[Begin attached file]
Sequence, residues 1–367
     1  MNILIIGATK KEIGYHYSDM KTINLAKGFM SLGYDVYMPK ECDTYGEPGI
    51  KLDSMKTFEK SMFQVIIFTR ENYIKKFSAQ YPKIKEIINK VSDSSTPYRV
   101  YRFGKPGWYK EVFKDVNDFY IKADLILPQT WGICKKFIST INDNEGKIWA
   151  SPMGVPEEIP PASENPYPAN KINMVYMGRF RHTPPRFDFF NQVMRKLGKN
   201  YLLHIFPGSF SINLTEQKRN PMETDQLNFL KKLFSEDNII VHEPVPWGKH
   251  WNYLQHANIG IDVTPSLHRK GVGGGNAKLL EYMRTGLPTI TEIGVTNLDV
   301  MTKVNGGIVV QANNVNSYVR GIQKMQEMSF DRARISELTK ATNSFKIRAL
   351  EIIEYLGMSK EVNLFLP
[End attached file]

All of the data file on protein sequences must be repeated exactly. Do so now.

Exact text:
Sequence, residues 1–367
     1  MNILIIGATK KEIGYHYSDM KTINLAKGFM SLGYDVYMPK ECDTYGEPGI
    51  KLDSMKTFEK SMFQVIIFTR ENYIKKFSAQ YPKIKEIINK VSDSSTPYRV
   101  YRFGKPGWYK EVFKDVNDFY IKADLILPQT WGICKKFIST INDNEGKIWA
   151  SPMGVPEEIP PASENPYPAN KINMVYMGRF RHTPPRFDFF NQVMRKLGKN
   201  YLLHIFPGSF SINLTEQKRN PMETDQLNFL KKLFSEDNII VHEPVPWGKH
   251  WNYLQHANIG IDVTPSLHRK GVGGGNAKLL EYMRTGLPTI TEIGVTNLDV
   301  MTKVNGGIVV QANNVNSYVR GIQKMQEMSF DRARISELTK ATNSFKIRAL
   351  EIIEYLGMSK EVNLFLP